Dear readers: After a phone interview with Emily Morse about the loss of her home in early November, I emailed her the rough draft of the article that appears on page 14 of NYSUT United’s December issue. Here is the letter she sent in reply:
Yes, it is true there is no going back to our two story home again for us. The home had housed 5 generations starting with my husband’s great, great grandparents. To date, my husband and I lived in the home for 26 years of our 36 years of marriage. We raised our two daughters now ages 30 and 31. We lost everything on the first floor of our home from shoes, coats, pictures, appliances, recipe books, dishes, pots and pans, etc. My grandson’s toys were pushed out of the broken windows from the force of the raging water. A filing cabinet filled with important documents was picked up and washed down the Schoharie River. In addition to being misplaced (homeless) in my personal life, my office at the Windham-Ashland-Jewett Central School was affected where I work as the guidance secretary. The guidance office was unable to be occupied until the walls and flooring could be replaced, as well as many other locations at the school. This set back the opening of our school for 3 weeks. I am also the president of the WAJ Support Staff Association which currently has 39 members with NYSUT.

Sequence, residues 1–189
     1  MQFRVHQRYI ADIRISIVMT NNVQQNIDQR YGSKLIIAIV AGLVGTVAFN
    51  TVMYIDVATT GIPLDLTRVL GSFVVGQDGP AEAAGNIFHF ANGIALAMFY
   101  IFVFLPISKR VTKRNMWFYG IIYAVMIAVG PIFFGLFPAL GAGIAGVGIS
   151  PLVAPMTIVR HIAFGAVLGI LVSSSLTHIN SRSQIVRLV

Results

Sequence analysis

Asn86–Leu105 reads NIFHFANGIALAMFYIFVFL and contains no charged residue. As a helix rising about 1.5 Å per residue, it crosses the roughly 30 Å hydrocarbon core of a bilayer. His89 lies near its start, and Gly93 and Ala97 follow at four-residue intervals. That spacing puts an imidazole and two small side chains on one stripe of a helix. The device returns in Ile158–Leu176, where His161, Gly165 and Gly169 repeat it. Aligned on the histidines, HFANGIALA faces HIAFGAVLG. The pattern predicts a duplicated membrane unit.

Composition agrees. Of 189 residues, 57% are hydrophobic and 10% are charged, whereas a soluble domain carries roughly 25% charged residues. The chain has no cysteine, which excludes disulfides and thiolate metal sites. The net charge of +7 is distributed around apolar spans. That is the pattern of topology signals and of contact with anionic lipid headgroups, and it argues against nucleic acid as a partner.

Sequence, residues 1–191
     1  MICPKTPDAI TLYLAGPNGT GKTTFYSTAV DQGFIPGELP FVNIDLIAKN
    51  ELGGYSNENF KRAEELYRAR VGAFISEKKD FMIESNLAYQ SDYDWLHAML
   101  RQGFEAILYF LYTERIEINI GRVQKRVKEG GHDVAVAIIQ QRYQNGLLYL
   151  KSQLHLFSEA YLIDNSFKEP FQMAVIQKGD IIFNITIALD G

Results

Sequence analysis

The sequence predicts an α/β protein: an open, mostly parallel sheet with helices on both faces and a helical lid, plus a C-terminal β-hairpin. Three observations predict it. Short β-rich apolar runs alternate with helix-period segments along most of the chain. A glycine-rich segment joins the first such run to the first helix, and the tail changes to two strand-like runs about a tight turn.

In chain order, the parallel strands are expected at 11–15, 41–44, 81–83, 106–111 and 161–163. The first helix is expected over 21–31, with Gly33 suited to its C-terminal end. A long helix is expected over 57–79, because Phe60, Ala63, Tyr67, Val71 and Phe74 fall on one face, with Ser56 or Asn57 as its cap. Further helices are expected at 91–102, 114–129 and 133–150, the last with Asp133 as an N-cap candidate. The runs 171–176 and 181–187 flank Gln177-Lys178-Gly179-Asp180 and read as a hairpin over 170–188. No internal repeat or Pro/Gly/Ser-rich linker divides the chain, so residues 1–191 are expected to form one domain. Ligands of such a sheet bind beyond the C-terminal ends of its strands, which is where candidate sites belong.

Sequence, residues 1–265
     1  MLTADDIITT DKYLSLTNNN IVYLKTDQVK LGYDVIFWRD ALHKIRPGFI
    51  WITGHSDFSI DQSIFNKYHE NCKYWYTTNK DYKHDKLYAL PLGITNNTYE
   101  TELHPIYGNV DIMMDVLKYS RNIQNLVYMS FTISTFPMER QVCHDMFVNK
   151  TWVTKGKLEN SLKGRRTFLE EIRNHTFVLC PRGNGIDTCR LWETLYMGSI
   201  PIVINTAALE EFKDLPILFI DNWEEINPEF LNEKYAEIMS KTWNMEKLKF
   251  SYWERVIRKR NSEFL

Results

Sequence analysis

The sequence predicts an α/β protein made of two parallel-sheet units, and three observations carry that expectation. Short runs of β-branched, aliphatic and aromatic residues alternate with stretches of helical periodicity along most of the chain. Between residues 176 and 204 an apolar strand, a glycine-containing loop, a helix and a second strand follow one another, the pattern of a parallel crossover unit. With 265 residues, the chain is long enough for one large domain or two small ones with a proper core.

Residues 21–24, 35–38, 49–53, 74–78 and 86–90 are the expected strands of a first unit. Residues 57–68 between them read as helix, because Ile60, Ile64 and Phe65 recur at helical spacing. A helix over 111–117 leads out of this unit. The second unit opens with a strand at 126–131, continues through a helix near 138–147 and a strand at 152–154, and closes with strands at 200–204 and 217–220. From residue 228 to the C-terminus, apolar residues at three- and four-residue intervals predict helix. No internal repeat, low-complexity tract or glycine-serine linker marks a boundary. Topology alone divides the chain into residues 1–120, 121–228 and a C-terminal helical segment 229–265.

Presently, my husband and I are living with my sister in Prattsville. We are hoping to be housed in a FEMA trailer as soon as they arrive. We wish to move on from there to a permanent place, but stay in our home town of Prattsville where we were both raised. We are thankful that we still have our jobs, each other, and our family and friends. Many times it has been very overwhelming for me to receive items, money, prayers and best wishes in your future recovery from complete strangers who I don’t know. It is difficult to thank someone properly when you are in this circumstance and I will never forget their generosity such as the $500 dollar check from the NYSUT Relief Fund. My husband’s vehicle was also washed away and part of the money was used to purchase another vehicle. Some of the remaining money was used to purchase work boots which he lost in the flood. I purchased food items that were needed and on a personal note socks and undergarments that were desperately needed! When you have lost everything, like many of us have, every little bit helps. We will get through this. I find it hard to be on the receiving end for help. I like to be on the giving end and being the helper.
It is very hard for me to put August 28, 2011 behind, as it was a very dreadful day. My husband and I said our goodbyes to one another along with our daughters and grandsons and our unborn granddaughter. Along with our family members and friends, we thought we were going to die by drowning. We were trapped in the second floor of our home for 9 and half hours as we watched pieces of our home get ripped off. The flood waters raging through our home made an eerie sound, and glass smashing and furniture being picked up and moved by the flood waters. The water was rising higher and higher. Several things I can take away from this tragedy are
- “live every day as it was your last,”
- “do not take anything or anyone for granted,”
- “always say I love you to your loved ones because you may never get another chance for them to hear you.”